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Sand Daughter
     

Sand Daughter

3.2 5
by Sarah Bryant
 

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?An epic filled with emotion and rich with atmosphere? ( Historical Novel Society) from the author of The Other Eden.

Khalidah faces an arranged marriage at the behest of her father, a Bedouin Clan chief. But when a mysterious stranger named Sulayman reveals the machinations behind her pending union, she suddenly finds herself a pawn in a

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Sand Daughter 3.2 out of 5 based on 0 ratings. 5 reviews.
harstan More than 1 year ago
In 1187 the crusading Franks are in control of the Holy Land while the Muslim armies led by Salah ad-Din prepare a counter offensive against the occupying European forces. In that environs, two normally hostile towards each other Bedouin clans of the Hassan have settled on a peaceful coexistence as they share a common infidel enemy. To anchor their shaky friendship, Khalidah and Numair will marry. She does not want to wed her cousin, but knows she must for her people's safety; however Khalidah is unaware her saying I do is a death notice for herself and her clan as betrayal is what awaits her and them. The minstrel Sulayman persuades Numair to flee with him to save her clan. He promises to escort her to her maternal kin in Qaf; she prays to Allah that the Qaf Afghan warriors Jinn come to her aid. At the same time, her friend Bilal initially joins with Numair before switching to the Templar Knights as a spy lover of Salim, the sixth son of the Sultan; he also learns his dead father actually lives and is coming commanding a legendary unit as war will soon unite him with Khalidah. This is deep Crusades era historical thriller that brings to life the Holy Land at a time in the late twelfth century when the Christian Franks are in control. The story line provides various perspectives of those caught up in the numerous battling factions, but especially the SAND DAUGHTER and her BFF. Fans of vivid tales of the Crusade will want to read this fresh saga. Harriet Klausner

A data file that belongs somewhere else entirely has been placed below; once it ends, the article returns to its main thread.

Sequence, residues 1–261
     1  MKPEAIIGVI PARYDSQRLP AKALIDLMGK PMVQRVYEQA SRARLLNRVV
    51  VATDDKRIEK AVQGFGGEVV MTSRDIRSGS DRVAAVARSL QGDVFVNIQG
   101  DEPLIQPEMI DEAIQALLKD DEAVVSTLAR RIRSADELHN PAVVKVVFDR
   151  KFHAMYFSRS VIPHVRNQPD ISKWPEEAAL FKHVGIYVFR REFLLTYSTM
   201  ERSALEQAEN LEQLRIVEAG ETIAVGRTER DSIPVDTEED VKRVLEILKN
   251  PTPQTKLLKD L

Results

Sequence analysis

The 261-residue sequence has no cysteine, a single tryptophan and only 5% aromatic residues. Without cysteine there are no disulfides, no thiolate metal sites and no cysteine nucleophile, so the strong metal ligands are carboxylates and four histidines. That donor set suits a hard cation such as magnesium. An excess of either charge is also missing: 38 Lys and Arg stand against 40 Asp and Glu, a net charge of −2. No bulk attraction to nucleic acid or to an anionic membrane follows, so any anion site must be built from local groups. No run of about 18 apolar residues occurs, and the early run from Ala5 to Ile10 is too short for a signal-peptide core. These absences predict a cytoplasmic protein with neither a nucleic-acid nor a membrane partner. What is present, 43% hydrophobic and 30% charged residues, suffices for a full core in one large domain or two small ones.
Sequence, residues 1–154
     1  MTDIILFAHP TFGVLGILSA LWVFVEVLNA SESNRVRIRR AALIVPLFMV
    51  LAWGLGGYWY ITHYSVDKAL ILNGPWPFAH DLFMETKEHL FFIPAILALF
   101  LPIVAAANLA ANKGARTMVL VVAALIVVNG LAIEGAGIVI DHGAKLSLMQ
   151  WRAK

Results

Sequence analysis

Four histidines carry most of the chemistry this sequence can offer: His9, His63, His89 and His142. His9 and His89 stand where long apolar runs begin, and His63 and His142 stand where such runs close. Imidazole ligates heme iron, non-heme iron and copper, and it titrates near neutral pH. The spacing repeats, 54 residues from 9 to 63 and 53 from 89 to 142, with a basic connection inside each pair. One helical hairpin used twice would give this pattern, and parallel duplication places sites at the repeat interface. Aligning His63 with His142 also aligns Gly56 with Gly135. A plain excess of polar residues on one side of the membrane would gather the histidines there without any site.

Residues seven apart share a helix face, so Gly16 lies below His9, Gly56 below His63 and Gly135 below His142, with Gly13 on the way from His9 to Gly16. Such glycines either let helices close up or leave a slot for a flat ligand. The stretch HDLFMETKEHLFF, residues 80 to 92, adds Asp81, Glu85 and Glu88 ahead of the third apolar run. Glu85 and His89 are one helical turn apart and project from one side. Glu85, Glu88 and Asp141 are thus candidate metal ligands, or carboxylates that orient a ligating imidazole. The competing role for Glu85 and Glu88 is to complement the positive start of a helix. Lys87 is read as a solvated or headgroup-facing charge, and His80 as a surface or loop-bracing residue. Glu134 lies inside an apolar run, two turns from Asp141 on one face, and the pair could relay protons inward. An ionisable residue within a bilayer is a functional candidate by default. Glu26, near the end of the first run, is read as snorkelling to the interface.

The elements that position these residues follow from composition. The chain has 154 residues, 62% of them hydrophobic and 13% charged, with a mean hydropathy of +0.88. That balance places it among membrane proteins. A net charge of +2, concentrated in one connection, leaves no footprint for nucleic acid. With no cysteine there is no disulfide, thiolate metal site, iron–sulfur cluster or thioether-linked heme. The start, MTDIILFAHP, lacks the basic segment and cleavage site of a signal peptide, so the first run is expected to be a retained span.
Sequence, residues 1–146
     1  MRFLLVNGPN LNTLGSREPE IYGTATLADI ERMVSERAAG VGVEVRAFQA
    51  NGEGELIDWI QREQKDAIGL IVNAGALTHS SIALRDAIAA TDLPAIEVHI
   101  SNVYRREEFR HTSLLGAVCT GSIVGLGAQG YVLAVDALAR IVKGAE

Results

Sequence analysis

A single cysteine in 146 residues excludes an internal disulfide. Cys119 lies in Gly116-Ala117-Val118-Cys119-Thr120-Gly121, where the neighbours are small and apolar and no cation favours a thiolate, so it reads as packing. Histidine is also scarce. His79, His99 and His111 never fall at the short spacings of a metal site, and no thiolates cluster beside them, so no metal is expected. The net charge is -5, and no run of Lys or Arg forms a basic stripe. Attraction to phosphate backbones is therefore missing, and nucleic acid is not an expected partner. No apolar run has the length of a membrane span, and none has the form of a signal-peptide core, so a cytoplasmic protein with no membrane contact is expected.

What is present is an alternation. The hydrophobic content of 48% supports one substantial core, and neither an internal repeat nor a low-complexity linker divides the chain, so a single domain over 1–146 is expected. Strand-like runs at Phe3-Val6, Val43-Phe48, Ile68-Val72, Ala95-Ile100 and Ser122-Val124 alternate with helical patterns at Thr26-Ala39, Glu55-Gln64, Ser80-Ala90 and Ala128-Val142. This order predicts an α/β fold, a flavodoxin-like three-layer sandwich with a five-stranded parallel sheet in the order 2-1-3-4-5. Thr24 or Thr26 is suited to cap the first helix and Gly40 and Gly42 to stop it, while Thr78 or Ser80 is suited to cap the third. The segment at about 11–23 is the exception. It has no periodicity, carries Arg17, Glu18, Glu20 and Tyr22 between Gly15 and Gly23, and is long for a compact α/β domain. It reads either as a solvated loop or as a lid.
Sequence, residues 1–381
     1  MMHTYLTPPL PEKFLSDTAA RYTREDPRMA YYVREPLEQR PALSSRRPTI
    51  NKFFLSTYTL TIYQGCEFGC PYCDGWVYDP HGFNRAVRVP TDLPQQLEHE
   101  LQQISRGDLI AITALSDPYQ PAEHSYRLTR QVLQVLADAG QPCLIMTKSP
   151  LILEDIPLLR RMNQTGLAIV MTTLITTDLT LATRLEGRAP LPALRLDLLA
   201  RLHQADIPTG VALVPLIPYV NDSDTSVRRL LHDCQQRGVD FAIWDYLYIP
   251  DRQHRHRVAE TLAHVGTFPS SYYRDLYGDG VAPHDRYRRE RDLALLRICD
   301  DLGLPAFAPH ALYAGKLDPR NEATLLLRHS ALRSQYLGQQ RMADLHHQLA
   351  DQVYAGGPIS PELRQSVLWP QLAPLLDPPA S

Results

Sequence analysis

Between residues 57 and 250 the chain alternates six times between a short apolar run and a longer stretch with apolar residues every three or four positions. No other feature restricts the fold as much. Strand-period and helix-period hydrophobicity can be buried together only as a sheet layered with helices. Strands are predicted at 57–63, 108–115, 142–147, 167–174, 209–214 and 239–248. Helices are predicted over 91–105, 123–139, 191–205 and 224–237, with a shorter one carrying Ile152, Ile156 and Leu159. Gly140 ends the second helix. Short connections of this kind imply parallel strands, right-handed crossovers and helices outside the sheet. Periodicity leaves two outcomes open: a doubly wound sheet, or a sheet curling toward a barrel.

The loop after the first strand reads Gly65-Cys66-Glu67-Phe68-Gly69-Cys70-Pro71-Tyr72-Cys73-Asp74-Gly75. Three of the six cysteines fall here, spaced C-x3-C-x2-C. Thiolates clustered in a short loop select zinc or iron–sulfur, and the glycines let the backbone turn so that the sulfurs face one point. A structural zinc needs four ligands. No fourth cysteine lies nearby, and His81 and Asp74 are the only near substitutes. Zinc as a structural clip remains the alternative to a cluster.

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Megalith More than 1 year ago
The time of the Crusades seems to be a trend in historical fiction, of late, as this is the third novel of that period publishers have sent me to review. In Sand Daughter, Khalidah, a Bedouin woman, finds herself wishing to escape an arranged marriage with her cousin. She runs away with a traveling singer named Sulayman. Together, they seek out the Jinn, Khalidah's mother's people. Along the way, the inevitable romance blossoms. The second plotline follows Khalidah's friend Bilal, who finds himself a double-agent between two factions. His same-sex romance with the son of a sultan is also explored. There are many positives to this novel. Sarah Bryant has crafted one of the richest settings I have read in a historical fiction novel. Intrigue abounds, and the novel is filled with tension, as characters are always pressed to make difficult choices, thus exploring their own sets of values in the process. On the downside, the romance element was much too heavy for my liking, though I imagine that is due more to my own reading tastes than the content itself. I also did not enjoy Bilal's storyline as much as I did Khalidah's. It's a definite must-read for those who love historical romance.